The Passions of Avarice, Anger, Sorrow and Sloth – Part IΙΙ

The Passions of Avarice, Anger, Sorrow and Sloth – Part IΙΙ


Saint Nil of Sorskij


During the period of relentless warfare, we must arm ourselves against the spirit of ingratitude and blasphemy, because it’s with those weapons that the enemy attacks us at that moment. Satan defeats people with doubt and fear and directs wicked thoughts at them like arrows: that God won’t have mercy on them; that they’ll never be forgiven; never be redeemed and saved from the tortures of eternal perdition. Indeed, they’re also under fire from other thoughts which I can’t write about, and aren’t able to work or read because the temptation won’t let them. This is why, at moments like this, we should forcefully cast despair away from us, and shouldn’t be indifferent to our prayer life.

We should fall down in prayer, with our faces to the ground, because this attitude of the body is very beneficial in assisting us to pray, as Barsanuphius the Great says: “Lord, help me, sinner that I am. Lord, behold my grief and have mercy on me”. As we’re taught by Saint Symeon the New Theologian: “Lord don’t allow me to be tempted beyond my strength. Not with grief nor with pain of the soul. But redeem me and give me strength so that I can withstand everything with gratitude”. Or, as we raise our eyes and hands to heaven, let us pray over these passions, sloth and immorality, as the blessed Gregory the Sinaite teaches us, because he considered them to be the worst of all. It this way we shall strive to force ourselves, insofar as we can, to read and to do our handiwork, both of which are of great assistance in the time of warfare. It sometimes happens that Christians engaged in the struggle don’t allow even a single passion to get near their soul. Then there’s a great need and opportunity to devote themselves entirely to prayer, with all the strength they have.

In order to defeat the spirit of ingratitude and blasphemy we say: “Get behind me, Satan. I worship my Lord and God and I serve Him alone. I accept all pain and sorrows gratefully, because they’re sent from Him, in order to relieve me of my sins. The Prophet Micah says: ‘I will bear the wrath of the Lord, for I have sinned against Him’. But ingratitude and blasphemy will come back to haunt you, as you’ll find out soon enough. So get away from me. May the God Who made me in His image and likeness destroy you”.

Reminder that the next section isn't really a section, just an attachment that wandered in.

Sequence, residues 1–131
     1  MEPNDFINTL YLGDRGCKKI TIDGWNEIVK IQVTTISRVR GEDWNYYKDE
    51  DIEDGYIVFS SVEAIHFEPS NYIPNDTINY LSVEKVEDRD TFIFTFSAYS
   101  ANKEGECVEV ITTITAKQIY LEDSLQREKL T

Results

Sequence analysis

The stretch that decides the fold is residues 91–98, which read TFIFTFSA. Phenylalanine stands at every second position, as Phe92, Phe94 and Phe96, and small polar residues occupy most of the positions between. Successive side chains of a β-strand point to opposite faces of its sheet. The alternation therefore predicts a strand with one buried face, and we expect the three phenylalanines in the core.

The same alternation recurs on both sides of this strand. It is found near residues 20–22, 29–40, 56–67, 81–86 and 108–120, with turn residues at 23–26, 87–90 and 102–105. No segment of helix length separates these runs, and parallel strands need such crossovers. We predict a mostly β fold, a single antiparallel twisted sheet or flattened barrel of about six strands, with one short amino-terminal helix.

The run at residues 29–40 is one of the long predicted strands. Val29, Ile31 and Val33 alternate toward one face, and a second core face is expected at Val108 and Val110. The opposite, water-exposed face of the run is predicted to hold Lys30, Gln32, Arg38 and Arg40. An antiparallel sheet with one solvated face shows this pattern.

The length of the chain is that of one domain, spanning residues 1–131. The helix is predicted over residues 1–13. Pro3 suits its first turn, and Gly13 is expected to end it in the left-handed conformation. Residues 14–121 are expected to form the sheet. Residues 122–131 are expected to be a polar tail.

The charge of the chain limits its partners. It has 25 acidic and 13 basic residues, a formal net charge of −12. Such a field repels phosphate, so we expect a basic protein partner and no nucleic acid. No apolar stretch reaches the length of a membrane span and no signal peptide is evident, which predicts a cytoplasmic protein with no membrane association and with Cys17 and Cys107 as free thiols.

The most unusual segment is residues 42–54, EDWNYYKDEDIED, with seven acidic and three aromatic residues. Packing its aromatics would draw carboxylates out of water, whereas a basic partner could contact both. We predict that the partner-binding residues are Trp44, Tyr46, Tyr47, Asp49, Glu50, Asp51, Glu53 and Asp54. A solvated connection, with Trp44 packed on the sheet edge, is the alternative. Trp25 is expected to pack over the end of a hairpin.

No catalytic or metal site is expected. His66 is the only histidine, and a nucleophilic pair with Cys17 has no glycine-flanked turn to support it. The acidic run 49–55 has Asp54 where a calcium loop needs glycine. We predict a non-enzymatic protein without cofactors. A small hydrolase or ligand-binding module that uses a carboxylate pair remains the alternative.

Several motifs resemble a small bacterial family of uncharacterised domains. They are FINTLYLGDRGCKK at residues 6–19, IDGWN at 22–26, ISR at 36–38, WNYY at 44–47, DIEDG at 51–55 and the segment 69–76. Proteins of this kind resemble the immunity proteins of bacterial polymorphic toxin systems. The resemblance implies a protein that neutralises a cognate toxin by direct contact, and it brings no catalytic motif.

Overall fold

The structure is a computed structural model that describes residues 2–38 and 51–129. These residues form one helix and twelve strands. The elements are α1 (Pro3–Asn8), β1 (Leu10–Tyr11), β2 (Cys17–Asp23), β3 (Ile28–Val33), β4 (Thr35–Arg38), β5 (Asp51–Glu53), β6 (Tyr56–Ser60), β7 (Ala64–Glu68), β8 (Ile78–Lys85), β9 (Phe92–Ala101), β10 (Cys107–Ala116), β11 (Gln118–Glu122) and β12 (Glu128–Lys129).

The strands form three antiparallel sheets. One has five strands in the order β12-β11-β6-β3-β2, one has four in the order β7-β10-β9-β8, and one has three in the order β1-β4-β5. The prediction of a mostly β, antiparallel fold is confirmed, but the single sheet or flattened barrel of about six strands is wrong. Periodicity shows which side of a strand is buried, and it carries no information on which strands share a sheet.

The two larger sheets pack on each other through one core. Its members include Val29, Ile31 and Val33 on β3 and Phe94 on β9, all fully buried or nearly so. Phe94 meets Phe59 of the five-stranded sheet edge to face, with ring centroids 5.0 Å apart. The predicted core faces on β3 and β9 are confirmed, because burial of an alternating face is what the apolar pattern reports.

If he continues to bother you, even after those words, busy yourself with something outside- material or spiritual work, that will strengthen your patience and hope, because that’s what your soul has to cling on to, if it wants to please God, as Saint Makarios says. But you need to be careful in your choice of outside work, because the devil often uses it to entrap us in his snares, to bring us into sloth and to distance our soul from hope in God. But God will never allow a soul that hopes in Him to be tested beyond its powers, since He knows what we are capable of. People know what a mule or a donkey or a camel can carry and so they load each one accordingly. A potter is in something of a similar position: he knows the temperature at which to fire each of his clay vessels, because too fierce a heat would shatter them. Equally, he knows not to take them out of the oven too quickly, because that would render them useless. If people have this much awareness, how much greater and immeasurable is the wisdom of God, Who knows exactly what temptations and how much of each every soul needs to overcome in order to be made worthy of the Kingdom of God. Not only will we be worthy of enjoying the good things to come, but here, too, we’ll receive the comfort of the Most Holy Spirit.

When we know all of this well, we can be steadfast with courage and silence in our cell. Though sometimes people benefit more from conversation with others, as Saint Basil says: “Often, when we’re slothful, a blameless visit to our fellow brethren, at an appropriate time, and conversation with them can, up to a point, dispel the passion of sloth”. And so, people who strive, if they’re gradually strengthened by divine grace, and their personal experience, devote themselves with even more desire to the good fight for the virtues. But the Fathers, who know this from their personal struggle, say that patience in quietude is more beneficial.

Read the previous parts here (part 1, part 2)





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